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The Soothing Power of the Lemon

By HERWriter
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Healthy Eating related image Photo: Getty Images

I'd love to say I started drinking water and lemon juice because I'm such a purist. But the truth is, I was on a low carb diet and had nothing cold to drink in the summer but water.

The first taste was abysmally disappointing. In my higher carb days I was used to commercially-made lemonade, full of sweeteners. This new homemade drink tasted thin and ... unsweetened. I didn't like it one bit.

But I was sick of plain water, so I soldiered on. I'd slice a wedge of lemon, cut off the rind, remove any seeds, and squeeze the juice into my water, plopping the pulp in for good measure.

I'd drink a glass, then re-fill it leaving the lemon pulp in the glass. At the end of the day I'd eat what was left of the lemon.

I didn't like this drink. But I began to notice that despite its lackluster flavor, it quenched my thirst. And really, I couldn't remember the last time that happened.

I'd drink commercially produced lemonade, iced tea, soda or other fruit juices. They left me thirstier than I'd been before I picked them up.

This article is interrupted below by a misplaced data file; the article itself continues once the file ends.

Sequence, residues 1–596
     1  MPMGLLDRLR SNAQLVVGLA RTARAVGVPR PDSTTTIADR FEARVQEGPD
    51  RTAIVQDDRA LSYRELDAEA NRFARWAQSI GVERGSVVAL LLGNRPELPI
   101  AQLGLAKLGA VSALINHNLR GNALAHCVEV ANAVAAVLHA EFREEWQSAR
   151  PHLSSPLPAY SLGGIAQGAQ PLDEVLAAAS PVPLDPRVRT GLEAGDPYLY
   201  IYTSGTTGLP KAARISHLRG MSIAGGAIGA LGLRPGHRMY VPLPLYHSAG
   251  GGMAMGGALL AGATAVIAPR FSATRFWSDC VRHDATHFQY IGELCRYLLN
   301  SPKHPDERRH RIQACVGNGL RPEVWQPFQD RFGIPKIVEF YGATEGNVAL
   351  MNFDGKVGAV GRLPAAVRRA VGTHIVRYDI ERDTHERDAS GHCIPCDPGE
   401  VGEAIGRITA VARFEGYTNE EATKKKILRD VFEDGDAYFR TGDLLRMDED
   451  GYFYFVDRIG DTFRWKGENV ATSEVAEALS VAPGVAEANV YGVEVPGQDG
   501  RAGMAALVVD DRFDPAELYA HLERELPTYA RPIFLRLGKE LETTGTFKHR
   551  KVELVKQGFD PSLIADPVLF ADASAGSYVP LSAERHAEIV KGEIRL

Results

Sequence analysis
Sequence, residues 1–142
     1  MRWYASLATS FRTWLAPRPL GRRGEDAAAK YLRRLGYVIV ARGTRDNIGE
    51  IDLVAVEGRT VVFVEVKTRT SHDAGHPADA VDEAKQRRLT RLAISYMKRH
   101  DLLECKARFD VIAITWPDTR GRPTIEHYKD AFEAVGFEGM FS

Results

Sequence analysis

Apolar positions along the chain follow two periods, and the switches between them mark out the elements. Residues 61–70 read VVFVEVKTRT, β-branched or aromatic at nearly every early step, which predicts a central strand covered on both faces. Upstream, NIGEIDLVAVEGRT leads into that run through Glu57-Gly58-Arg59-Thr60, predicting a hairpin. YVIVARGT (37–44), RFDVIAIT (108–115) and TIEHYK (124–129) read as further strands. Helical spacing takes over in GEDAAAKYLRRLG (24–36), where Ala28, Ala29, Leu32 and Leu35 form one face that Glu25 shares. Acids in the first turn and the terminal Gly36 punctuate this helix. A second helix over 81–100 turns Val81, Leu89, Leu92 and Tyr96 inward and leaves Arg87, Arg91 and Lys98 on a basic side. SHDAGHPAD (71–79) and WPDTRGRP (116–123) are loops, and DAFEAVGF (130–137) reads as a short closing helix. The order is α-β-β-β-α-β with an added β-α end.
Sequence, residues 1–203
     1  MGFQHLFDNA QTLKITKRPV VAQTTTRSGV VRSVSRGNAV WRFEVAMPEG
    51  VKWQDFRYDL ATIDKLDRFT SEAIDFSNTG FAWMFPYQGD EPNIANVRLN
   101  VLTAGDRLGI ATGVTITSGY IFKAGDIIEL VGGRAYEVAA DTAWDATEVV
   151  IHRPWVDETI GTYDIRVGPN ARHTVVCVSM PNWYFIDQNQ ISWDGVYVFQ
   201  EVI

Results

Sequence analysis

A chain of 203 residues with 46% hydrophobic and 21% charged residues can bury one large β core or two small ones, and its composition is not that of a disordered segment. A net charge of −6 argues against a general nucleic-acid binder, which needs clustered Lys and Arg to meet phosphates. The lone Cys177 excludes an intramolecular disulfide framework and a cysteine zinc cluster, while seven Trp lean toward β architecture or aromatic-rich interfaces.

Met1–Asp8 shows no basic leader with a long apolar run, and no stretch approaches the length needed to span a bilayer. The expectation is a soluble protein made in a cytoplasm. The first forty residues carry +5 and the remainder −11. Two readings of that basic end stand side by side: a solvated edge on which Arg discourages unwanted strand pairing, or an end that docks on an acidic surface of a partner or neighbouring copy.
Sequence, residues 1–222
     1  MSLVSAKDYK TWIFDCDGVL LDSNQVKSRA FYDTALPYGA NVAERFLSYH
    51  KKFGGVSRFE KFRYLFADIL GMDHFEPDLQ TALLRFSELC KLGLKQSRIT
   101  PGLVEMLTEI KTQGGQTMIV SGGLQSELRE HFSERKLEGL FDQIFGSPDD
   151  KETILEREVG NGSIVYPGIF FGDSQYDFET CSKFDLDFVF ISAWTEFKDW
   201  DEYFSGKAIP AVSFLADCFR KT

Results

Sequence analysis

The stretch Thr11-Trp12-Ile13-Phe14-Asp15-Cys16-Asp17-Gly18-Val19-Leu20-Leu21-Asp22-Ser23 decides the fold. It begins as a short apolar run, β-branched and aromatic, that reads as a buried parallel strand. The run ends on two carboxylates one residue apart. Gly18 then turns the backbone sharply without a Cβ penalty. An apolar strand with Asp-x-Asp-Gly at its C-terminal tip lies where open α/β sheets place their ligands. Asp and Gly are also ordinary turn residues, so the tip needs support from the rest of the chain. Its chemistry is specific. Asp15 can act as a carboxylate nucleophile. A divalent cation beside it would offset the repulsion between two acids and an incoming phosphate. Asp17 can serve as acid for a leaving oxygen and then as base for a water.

So I'd drink more of them. And I'd feel it around my middle. I'd feel it in the sugar spikes and shakiness caused by this influx of glucose. And still I was thirsty.

Then along comes this pale, insipid concoction with its patent lack of glamor or zip. And drinking it makes me feel sated. Content.


While lemons have a high acid content, they have an alkaline effect on the body. Lemons flush out toxins and aid the liver and pancreas. Their vitamin C boosts the immune system. Lemons can relieve sore throats, gingivitis and canker sores.

Lemons' bioflavonoids strengthen blood vessels, and may alleviate varicose veins, bruising and bleeding gums. Their antibacterial properties fight infection, sore throats and tonsillitis. Their potassium content helps regulate blood pressure and dizziness.

I also discovered that if I strayed too far from my low carb habit, the resultant indigestion or nausea was soothed by knocking back a glass of my signature water and lemon.

Stomach pain used to be a constant in my life. When I changed my diet I encountered a new sensation -- or rather, the absence of an old sensation.

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We value and respect our HERWriters' experiences, but everyone is different. Many of our writers are speaking from personal experience, and what's worked for them may not work for you. Their articles are not a substitute for medical advice, although we hope you can gain knowledge from their insight.

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